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MacBook chargers: here is one more reason why knockoffs are a bad idea

According to a recent teardown at the hand of technology blogger Ken Shirriff, there is more than one reason to spend a little extra for an original MacBook charger, rather than a knockoff.

Shirriff’s teardown involved two switching power supply units, the first being an 85W power supply for a MacBook model A1172, which can be easily recognized from a counterfeit, by looking for obvious clues, like the Apple logo, and serial number on the case, and not-so-obvious clues, like the metal ground pin, which is sometimes replaced with a plastic one, on non-genuine units. The second, of course, it’s a knockoff purchased through Amazon.

Apple MacBook charger versus cheap knockoff

The immediate difference between the two is in how much they weigh. An original MacBook charger weighs more due to the number of heat sinks distributed around the internal circuit boards, and logic boards. Speaking of which, some consumers will be surprised at the notion that MacBook chargers have indeed a 16-bit processing unit inside, in the form of a MSP430 microcontroller, built by Texas Instruments, which is about as powerful as the original CPU that powered the first Apple Macintosh. The MSP430 also features three contact pads connectors that are typically used to program the chip’s flash memory during production.

Why are MacBook chargers difficult to open

While a more subtle approach is often applied to opening sophisticated electronic equipment, the most effective method to gain access to the innards of a MacBook charger is to hit it around the seams on a wooden chisel, or similar surface, until the case cracks open. While this might seem an odd way to allow access inside the unit, it is actually a smart form of “child proofing”, that keeps not only children, but also unsavvy adults from accidentally meddling with the internals of the charger.

The main reason for making a MacBook charger more difficult to open, has to do also with the many tiny components integrated in the main circuit board. This array of microchips perform various actions, including the provision of safety measures that keep the charger from being a safety hazard.

Beyond lights and clockwork

Aside from the PFC and SMPS chips, used to control the control the overall functioning of the charger, there is a number of resistors, capacitors and diodes, such as the MOSFET transistor, whose main function is to switch the power that goes to the MacBook, on and off, following instructions from the microcontroller. A voltage reference chip has also being identified as the component that ensures voltage is kept constant, in spite of temperature changes.

The large number of components is mainly due to the sophisticated way the MacBook charger handles voltage output. As Shirriff explains, the original MacBook charger is capable of outputting as low as 60 watts of electricity, and as high as 85 watts, with a hard limit set to 90 watts, which will cause the charger to shut off automatically.

For those particularly interested in voltage handling, Shirriff provides a more detailed explanation of how to produce 60W, the charger provides 16.5 volts at 3.6 amps, and increases up to 18.5 volts at 4.6 amps to go up to 85W. This is done to allow multiple compatible MacBook laptops to use the same charger, from the MacBook Air, to the 12 inch MacBook Retina, all the way up to the MacBook Pro.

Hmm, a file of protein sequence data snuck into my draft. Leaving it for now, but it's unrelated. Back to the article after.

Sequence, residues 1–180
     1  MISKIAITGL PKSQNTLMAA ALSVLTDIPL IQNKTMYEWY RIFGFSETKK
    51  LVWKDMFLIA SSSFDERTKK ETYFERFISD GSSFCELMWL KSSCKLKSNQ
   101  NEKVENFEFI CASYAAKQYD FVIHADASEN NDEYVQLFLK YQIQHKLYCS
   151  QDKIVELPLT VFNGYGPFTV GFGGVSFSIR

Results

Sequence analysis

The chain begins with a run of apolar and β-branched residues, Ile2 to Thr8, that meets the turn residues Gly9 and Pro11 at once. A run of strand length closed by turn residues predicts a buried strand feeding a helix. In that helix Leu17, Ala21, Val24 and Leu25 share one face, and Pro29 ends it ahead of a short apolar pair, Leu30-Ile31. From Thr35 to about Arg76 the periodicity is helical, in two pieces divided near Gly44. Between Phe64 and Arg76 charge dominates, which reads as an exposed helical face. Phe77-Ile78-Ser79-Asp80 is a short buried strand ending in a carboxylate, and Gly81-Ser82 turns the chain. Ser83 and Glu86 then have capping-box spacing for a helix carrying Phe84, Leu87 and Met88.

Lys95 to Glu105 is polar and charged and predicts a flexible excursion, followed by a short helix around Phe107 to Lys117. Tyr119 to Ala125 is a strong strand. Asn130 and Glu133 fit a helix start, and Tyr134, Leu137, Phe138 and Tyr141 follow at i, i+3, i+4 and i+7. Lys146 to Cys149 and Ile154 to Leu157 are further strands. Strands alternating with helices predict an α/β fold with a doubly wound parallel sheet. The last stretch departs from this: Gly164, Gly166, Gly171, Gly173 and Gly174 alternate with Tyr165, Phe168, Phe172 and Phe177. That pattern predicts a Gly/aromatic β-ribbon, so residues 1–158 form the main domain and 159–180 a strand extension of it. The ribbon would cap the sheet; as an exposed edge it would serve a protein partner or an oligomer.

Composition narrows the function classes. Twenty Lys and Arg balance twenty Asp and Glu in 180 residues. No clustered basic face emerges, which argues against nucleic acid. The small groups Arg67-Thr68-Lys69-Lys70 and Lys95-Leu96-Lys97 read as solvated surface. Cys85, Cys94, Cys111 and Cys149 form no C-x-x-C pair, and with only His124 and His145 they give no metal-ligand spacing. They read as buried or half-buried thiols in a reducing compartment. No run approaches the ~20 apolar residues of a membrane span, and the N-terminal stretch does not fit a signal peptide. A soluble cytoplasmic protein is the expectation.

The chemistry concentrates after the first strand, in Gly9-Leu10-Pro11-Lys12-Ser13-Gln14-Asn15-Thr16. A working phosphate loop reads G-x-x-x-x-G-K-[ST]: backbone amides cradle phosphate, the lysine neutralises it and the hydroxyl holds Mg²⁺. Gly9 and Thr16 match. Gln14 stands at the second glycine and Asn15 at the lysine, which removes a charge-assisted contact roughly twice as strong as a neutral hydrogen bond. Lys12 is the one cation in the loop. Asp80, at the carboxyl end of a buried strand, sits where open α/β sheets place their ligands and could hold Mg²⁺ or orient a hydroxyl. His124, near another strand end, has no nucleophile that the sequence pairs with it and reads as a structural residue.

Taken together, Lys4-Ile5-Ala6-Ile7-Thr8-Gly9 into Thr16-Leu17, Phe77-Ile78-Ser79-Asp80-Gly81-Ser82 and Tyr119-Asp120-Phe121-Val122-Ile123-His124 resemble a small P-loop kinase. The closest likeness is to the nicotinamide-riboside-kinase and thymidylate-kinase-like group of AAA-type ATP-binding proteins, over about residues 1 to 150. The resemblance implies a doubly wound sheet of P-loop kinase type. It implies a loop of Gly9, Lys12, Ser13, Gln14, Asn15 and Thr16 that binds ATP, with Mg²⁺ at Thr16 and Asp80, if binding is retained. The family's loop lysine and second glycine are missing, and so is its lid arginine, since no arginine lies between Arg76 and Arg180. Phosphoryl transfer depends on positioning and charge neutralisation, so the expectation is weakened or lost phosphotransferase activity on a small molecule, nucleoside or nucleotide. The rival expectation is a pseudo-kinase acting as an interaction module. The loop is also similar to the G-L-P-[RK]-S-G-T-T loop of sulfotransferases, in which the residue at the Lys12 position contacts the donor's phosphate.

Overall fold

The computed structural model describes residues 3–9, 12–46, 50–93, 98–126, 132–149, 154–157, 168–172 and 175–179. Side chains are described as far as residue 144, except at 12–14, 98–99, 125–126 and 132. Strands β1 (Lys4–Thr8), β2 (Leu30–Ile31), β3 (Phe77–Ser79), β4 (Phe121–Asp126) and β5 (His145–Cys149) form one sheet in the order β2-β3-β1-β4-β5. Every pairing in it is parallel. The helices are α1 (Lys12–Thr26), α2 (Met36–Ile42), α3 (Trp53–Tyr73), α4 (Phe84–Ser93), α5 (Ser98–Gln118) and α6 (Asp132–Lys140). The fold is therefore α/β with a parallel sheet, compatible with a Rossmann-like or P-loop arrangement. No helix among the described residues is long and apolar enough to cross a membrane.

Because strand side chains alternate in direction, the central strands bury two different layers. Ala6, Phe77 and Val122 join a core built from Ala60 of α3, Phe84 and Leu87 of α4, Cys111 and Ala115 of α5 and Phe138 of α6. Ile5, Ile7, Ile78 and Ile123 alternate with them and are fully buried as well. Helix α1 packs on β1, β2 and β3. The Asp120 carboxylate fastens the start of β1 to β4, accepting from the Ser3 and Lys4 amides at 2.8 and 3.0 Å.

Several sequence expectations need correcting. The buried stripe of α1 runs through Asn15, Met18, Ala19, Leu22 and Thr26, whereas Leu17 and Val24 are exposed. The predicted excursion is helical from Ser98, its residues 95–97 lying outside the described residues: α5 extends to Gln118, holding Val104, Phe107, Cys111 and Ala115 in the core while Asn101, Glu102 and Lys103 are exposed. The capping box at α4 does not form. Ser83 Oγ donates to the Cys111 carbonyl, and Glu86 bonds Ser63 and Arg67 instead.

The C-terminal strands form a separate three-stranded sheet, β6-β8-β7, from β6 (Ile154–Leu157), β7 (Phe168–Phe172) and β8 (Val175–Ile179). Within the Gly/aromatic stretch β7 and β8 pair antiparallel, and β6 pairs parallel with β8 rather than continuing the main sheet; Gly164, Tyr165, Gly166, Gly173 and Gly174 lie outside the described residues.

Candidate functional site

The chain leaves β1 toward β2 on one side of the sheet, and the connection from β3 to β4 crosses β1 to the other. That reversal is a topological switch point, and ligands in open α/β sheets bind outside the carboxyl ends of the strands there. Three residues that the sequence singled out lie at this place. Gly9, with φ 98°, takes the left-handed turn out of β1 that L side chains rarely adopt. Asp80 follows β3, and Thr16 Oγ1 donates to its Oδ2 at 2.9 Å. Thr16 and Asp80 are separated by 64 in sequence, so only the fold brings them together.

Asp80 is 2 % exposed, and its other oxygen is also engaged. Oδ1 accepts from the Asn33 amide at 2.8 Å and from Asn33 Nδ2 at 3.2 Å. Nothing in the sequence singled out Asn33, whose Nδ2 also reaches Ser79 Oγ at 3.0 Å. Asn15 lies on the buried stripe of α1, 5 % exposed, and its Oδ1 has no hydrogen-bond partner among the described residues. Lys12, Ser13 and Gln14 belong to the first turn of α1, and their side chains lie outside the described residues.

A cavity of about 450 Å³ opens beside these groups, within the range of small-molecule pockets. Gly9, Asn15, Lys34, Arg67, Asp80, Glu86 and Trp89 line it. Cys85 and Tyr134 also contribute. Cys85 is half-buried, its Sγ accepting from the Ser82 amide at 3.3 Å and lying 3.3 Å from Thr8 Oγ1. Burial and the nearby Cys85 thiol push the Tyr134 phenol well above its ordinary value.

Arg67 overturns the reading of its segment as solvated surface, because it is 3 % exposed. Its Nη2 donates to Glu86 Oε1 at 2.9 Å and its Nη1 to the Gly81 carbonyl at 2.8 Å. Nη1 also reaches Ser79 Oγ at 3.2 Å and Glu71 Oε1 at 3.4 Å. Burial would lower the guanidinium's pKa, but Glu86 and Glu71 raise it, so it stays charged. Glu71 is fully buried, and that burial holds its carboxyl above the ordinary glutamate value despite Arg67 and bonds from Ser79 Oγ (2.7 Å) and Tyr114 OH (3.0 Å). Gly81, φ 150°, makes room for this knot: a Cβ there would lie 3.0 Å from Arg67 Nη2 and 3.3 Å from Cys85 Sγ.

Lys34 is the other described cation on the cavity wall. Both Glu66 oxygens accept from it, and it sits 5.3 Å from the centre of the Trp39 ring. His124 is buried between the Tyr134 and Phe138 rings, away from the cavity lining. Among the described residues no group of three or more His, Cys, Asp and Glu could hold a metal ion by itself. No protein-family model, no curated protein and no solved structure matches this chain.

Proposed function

The Magsafe connector

One of the most important reasons to pack so much circuitry, aside from preventing electrocution, or fire hazards, is that the charger needs to communicate with the MacBook to provide information, such as the serial number, the type of laptop, and power required.

This is done using the center “pogo” pin on the Magsafe connector, also known as “Adapter Sense”, which is used for data handling. The microchip inside the Magsafe connector also controls the LED status. With that said, as noted by Shirriff, the charger unit itself does not communicate with the MacBook. This type of communication is carried out exclusively through the chip embedded in the Magsafe connector.

What’s going on when you charge your MacBook

The first thing that happens when plugging the Magsafe connector to a MacBook, is that the connector and the laptop spend exactly one second “talking” to each other. During such time, the connector provides the MacBook with serial number information and, as previously mentioned, power information, to ensure that the charger provides the right amount of electricity to the laptop.

Once the MacBook determines that the charger is genuine, and can provide the amount of power requested, it will allow the unit to begin charging.

The main difference between a genuine MacBook charger and an imitation unit, is that much of the above mentioned components in charge of preventing dangerous situations, such as arcing or sparks while the connector is being plugged in, are missing.

What do you really get from an imitation charger

The argument about the high price of MacBook chargers could be made, up to a point in which we have a chance to see what’s really inside a $14 imitation. According to photos posted by Shirriff, during the teardown of a knockoff charger from Ebay, the insides of the imitation unit, compared to a genuine charger, look like a barren wasteland, with half the components that come with a genuine unit. In addition, the PFC circuit is left out entirely, along with the ground connector.

The big problem with the charger examined by Shirriff is what he calls a “dangerous assembly error”, which positions a capacitor dangerously close to a high-voltage capacitor, which in turns creates a risk of electrocution.

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